Our Deepest Sympathy…
We direct these words in particular to those who have lost loved ones. The parish clergy, the pastoral staff and the parishioners of Our Lady of Sorrows Church offer our prayerful support especially at this time of your loss. We want you to know that in the days and months ahead we are willing to be of whatever help me might be to you. We are also aware that we cannot remove your pain, but we hope to be able to assist you in whatever way possible as you attempt to find God’s loving presence even in the midst of suffering. In addition to the parish clergy and pastoral staff, there is a bereavement group within the parish which also may be of help to you. For information about our Bereavement Ministry, please contact Stephanie Sonnick.
Pastoral Principles and Policies
- Our Lady of Sorrows Church takes seriously its responsibility to minister to those who have died and to their families and loved ones. We do so in several ways, most notably, in the way we celebrate the liturgical rites provided for the deceased. While it is expected that the Rite of Christian Burial be celebrated for baptized Catholics, the Catholic Church also permits the rites to be celebrated for unbaptized children (of Christian families) as well as baptized members of non-Catholic communities of faith.
- Persons who regularly participated in the celebration of the Eucharist should not be deprived of the funeral Mass simply because few (if any) relatives and/or friends might attend. The number of mourners should not be the determining factor in whether or not a funeral Mass is celebrated.
- The Rite of Christian Burial provides for a variety of prayerful celebrations. While the traditional practice is the celebration of a funeral Mass, circumstances may dictate a preference for a service of Scripture and prayer in the funeral home (and/or at the cemetery). This might be appropriate where the family or loved ones are not of the Catholic faith, or where the deceased has never been an active Catholic. If there are questions regarding this matter, the parish clergy would be happy to discuss them with the family.
- The Funeral Liturgy is the central liturgical celebration of the Christian community for the deceased. All hymns and songs which accompany the Holy Mass must be sacred in nature. The Funeral Planning Form linked to above provides many appropriate choices for your selection. If there are further questions about music for the Funeral Mass, please contact Preston Dibble, our parish Director of Music.
- We welcome the presence of other priests as concelebrants at funeral Masses. If the family requests another priest to conduct the entire funeral, the family should contact the priest, verify his availability and ask him to contact the parish office to confirm his willingness to celebrate the Rites of Christian Burial at Our Lady of Sorrows. Unless we hear from the priest, we will not assume his presence.
- While the Catholic Church continues to encourage the ancient custom of burying the dead, cremation is permitted (unless it is evident that cremation was chosen by the deceased or the family for reasons contrary to Catholic faith e.g. because of lack of faith in the resurrection of the dead). Where cremation is to take place, the preference is for the cremation to take place after the funeral Mass. If this is not possible, the ashes are brought to church for the funeral Mass and then are to be entombed or buried in a timely manner at a cemetery.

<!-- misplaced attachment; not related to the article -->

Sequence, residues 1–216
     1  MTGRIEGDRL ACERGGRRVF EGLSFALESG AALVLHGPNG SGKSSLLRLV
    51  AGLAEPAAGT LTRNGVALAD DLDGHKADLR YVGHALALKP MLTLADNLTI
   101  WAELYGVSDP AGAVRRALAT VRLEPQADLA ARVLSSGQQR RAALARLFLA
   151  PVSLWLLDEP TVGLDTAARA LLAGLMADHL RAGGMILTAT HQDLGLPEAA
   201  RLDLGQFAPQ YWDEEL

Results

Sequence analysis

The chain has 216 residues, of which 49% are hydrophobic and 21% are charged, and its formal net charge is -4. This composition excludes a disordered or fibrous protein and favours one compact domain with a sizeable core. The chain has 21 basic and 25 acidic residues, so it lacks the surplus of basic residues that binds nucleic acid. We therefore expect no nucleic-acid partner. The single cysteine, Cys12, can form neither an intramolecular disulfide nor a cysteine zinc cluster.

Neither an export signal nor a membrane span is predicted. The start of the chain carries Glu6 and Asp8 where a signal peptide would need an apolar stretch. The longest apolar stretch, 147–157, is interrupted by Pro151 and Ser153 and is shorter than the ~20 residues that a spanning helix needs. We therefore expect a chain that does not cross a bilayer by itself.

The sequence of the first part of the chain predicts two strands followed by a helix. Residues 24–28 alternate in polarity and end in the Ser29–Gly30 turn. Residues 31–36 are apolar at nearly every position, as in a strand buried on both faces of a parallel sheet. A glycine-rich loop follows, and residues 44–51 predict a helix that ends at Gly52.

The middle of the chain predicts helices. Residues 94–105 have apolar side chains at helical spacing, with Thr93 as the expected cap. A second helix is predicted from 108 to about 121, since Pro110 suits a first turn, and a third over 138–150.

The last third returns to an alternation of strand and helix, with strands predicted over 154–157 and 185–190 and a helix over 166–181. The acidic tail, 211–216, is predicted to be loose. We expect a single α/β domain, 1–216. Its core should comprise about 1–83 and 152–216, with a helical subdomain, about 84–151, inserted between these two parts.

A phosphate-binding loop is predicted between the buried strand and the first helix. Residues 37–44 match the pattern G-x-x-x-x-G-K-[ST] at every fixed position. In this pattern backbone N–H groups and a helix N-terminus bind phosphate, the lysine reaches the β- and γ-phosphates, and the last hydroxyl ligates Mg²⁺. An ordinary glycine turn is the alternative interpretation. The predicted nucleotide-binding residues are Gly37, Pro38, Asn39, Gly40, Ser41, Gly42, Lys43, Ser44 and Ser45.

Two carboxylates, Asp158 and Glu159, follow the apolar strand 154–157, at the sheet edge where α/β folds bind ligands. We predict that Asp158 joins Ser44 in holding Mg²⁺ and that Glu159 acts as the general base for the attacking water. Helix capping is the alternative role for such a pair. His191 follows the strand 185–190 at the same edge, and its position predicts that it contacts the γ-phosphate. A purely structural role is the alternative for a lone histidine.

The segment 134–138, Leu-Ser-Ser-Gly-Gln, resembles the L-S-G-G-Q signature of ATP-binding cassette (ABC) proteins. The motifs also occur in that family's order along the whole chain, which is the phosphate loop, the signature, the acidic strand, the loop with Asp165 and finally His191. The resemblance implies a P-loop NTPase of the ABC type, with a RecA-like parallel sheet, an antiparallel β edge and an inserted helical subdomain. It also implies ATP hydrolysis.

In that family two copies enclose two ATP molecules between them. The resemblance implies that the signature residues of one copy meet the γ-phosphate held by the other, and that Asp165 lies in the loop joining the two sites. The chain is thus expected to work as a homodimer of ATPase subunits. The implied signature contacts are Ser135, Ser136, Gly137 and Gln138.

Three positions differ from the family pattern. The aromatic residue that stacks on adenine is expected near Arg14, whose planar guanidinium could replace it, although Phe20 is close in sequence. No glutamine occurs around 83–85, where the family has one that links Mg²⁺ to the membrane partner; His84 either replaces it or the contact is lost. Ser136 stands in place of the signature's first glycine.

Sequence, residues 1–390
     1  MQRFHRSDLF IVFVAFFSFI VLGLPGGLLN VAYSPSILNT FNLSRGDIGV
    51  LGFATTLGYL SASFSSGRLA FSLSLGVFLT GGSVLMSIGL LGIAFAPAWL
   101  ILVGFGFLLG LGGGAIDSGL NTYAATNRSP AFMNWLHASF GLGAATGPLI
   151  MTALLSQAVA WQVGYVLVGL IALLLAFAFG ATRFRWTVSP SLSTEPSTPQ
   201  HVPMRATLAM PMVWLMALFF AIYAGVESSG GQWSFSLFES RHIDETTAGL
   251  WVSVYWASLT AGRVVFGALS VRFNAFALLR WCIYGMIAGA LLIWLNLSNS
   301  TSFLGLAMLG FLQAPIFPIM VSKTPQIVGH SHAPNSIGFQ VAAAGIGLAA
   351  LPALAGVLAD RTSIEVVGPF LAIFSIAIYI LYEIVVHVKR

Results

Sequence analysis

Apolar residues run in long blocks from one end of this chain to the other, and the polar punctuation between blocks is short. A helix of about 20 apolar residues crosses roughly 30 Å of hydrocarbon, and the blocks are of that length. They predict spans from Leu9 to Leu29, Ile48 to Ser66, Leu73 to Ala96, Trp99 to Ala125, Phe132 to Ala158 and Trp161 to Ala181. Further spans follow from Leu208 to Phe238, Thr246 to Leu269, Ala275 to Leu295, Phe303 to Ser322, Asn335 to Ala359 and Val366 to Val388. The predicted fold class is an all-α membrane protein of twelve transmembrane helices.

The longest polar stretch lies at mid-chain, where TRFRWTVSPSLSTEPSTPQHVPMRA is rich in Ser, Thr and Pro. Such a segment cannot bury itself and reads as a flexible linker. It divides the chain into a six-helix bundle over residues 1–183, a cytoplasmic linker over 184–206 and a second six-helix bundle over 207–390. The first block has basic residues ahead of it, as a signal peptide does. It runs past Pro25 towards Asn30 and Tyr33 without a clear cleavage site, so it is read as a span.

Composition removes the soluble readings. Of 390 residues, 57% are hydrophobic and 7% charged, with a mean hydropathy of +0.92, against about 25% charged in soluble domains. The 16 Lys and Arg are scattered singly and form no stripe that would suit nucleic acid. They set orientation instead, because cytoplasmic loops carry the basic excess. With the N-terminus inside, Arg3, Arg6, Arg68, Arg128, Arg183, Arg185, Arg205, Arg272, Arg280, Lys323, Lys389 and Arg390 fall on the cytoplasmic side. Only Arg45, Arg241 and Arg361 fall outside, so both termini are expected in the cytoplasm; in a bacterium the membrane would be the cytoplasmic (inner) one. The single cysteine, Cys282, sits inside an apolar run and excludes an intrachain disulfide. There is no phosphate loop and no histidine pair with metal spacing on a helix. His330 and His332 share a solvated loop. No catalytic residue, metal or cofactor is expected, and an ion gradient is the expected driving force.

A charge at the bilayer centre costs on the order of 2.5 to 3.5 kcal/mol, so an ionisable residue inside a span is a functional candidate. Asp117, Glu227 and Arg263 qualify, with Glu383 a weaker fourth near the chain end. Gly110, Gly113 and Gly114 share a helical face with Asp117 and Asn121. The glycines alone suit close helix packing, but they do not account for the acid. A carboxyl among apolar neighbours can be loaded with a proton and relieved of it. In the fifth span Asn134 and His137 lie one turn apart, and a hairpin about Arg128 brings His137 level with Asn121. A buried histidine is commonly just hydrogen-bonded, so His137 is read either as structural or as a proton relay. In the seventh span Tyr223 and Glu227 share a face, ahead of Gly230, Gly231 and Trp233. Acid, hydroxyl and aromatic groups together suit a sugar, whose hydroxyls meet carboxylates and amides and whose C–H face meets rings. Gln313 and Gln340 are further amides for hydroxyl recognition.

- Normally, the clergy of the parish will visit the family of the deceased in the funeral home for the Wake and will lead a prayer service. Generally, the clergy of Our Lady of Sorrows will also accompany the body to the cemetery. However, in some instances, this may not be possible. If the family wishes, funeral flowers may be brought to the church for the funeral and left there following the funeral as a memorial to the deceased (usually this is limited to two baskets or arrangements).
- The family and friends of the deceased may participate in the funeral Mass in any of the following ways:
- Selecting Scripture readings and hymns for the funeral Mass. You may do so here.
- Accompanying the casket into and out of the Church (i.e., acting as pallbearers)
- Proclaiming the first and second Scriptural readings
- Bringing forward the gifts of bread and wine at the Offertory
- Offering brief remarks (“eulogy”) about the deceased. At the funeral liturgy, the community gathers with the family and friends of the deceased to give praise and thanks to God for Christ’s victory over sin and death and to commend the deceased to God’s tender mercy and compassion. Through the Holy Spirit, the community is gathered in Word and gesture that each believer through Baptism shares in Christ’s death and resurrection and can look to the day when all will be raised up and united in the kingdom of light and peace. The focus of the holy Mass is on the Resurrection and on Jesus present to us in the Eucharist. Offering brief remarks (“eulogy”) about the deceased is an option, but it is only an optional component and is not necessary. Often, this can be done at the funeral home, the cemetery, or the repast and be even more impactful when offered in those places and times. If the family wishes to do so at the funeral Mass itself, it must be attentive to this policy